By Jeff Smith (deceased).  He was on PBS for many years, a college professor, and Methodist minister.  My mother watched him FAITHFULLY!  This is his original work (1984) among MANY cookbooks that are worth having.....ALONE.....on the historical commentary, and geographical identity, he gives with each recipe.  Amazing, fun and intriguing information!!! 

I have several of his cookbooks, but go to this one most often.  I have cooked the "Red Beans and Rice" on page 292 a gazillion well as "Lentil Salad" on page 371, that I also mention in my post "The Dinner Bell ~ Fresh Hobbit Food."  His Christmas cookbook is where I get my gingerbread cookie recipe from.

You MUST check out all of Smith's cookbooks!  His "Cooks American" could be a whole year of homeschool history.....and I have his "Cooks With Wine" as an alternative for low sodium flavorful options.  There are several others to explore.

This was given to me by a very special Aunt.  It is a modern classic, and I refer to it often for home style basics involving the common American family fare.  She inscribed it for me, with a very special note, early in my marriage.  Therefore, this cookbook will be handed down someday.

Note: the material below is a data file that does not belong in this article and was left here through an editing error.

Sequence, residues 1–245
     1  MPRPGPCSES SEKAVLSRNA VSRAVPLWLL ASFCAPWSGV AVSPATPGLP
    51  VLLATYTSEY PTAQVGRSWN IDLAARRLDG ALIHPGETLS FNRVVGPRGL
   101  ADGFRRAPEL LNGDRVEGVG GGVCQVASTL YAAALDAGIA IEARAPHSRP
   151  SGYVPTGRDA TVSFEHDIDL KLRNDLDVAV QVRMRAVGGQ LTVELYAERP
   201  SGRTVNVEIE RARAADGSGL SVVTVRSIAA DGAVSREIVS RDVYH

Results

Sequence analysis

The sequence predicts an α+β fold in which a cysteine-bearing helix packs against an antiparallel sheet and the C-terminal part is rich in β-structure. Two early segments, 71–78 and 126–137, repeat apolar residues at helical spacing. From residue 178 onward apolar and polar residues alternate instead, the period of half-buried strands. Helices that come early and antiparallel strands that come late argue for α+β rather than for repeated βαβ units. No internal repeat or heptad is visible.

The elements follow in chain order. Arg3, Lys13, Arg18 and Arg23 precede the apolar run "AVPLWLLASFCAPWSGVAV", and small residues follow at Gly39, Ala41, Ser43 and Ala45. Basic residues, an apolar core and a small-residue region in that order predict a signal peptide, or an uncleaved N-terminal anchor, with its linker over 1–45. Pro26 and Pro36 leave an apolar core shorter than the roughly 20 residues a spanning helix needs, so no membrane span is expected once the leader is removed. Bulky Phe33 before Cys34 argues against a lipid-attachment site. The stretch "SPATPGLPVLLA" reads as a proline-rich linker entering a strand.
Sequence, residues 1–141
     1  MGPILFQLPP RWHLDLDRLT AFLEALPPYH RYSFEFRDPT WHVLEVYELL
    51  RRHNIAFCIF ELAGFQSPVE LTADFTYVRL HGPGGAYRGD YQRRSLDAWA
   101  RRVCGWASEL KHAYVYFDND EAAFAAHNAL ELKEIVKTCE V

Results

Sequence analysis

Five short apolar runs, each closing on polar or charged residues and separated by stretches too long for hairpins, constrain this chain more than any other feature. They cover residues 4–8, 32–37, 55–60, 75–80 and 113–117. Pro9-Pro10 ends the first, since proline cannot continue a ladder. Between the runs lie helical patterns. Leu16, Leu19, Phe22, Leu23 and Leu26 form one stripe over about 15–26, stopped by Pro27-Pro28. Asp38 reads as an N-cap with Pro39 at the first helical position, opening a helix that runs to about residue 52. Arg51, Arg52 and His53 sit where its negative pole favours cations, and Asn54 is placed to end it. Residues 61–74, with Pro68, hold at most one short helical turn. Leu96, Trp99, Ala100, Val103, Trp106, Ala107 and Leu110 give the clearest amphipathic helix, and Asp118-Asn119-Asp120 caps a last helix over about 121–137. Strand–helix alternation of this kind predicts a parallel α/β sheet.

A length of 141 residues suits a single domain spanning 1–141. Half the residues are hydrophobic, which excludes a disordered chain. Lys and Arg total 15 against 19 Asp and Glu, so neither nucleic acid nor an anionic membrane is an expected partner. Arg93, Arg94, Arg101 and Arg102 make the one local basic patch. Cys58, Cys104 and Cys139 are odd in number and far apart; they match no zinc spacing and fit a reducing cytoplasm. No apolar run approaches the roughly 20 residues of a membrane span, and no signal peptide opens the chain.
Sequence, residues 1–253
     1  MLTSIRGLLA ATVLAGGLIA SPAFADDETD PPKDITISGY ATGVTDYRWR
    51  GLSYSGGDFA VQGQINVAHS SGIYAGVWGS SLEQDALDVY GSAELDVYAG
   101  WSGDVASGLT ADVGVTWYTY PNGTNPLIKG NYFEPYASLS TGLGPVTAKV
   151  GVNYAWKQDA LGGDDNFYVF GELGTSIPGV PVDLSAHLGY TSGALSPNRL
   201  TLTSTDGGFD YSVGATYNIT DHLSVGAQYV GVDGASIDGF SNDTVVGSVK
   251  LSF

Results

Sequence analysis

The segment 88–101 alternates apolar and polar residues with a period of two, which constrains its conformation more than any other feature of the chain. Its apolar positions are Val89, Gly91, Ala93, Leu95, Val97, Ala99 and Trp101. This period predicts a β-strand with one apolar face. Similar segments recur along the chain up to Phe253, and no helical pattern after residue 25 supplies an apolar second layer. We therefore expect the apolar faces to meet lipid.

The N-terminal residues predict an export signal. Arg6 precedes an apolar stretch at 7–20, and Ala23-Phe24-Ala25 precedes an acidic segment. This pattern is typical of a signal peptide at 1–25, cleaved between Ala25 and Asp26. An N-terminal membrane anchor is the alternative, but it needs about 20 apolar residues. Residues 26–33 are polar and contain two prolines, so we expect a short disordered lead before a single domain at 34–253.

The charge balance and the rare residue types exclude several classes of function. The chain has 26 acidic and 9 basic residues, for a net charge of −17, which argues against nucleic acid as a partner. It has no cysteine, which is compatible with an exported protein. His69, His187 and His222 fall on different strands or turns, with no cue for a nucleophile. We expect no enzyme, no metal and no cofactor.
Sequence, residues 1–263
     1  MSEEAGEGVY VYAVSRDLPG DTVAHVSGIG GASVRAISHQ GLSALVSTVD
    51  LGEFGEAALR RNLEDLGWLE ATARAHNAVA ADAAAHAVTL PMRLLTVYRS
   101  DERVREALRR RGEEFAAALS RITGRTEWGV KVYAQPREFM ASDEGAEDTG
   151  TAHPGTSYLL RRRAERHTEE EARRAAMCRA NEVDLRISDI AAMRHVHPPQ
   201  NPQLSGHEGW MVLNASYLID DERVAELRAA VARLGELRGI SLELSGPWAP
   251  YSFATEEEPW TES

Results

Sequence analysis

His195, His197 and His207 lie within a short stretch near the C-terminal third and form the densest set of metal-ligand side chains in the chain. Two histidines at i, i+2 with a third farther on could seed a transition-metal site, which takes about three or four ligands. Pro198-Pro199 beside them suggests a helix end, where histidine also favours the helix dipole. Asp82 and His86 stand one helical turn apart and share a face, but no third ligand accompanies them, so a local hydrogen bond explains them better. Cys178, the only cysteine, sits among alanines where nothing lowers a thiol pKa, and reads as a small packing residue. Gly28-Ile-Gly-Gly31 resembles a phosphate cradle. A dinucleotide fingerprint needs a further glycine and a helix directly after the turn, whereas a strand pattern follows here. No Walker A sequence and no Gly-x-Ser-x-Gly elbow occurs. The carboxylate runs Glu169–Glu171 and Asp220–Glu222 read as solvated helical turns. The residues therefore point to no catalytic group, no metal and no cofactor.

The cover of this describes the simplicity of why I invested in this.  I needed assistance as I embarked on more crock pot cooking, in light of a busy schedule, as many of you have.  I have TWO crock pots that I have fired up regularly at times, trying to get a day or two ahead of the ballgame around here.  This speaks for itself, and has a great variety.

I know this doesn't surprise you in light of my starstruck awe with the Pioneer Woman.  If you have at all been a frequent reader of my blog, or my Daisy Boots Facebook know that I love, Love, LOVE her!  This is her first cookbook, and has a second one out that is just as wonderful.  I own them both.  Her recipes are not for the light at heart.....uh.....literally.  With her hard working ranch husband, hands, and family.....they don't skimp on what makes food taste good. can tweak these recipes a bit for your preferences.  I don't.....and only go to this on occasion for something special, or if we need something different outside of our normal health conscious fare.  This book is very user friendly.....packed personal stories, and is a photographic journal for the recipes.....which made her blog famous.  She is a humor, and human interest story DELIGHT!!!

So.....there you have it effort to inspire you with fresh creativity, as you fill your loved ones bellies.....and nurture their souls with family, and memories.

Oh!  ONE MORE THING.....cookbooks can be a family heirloom.  Write down the dates and occasions RIGHT IN YOUR BOOKS, to commemorate when you made the recipe.  A simple and easy way to journal your common family life....that generations to come, will appreciate.

1 comment:

  1. Very nice, dear! I look forward to looking for these at our library.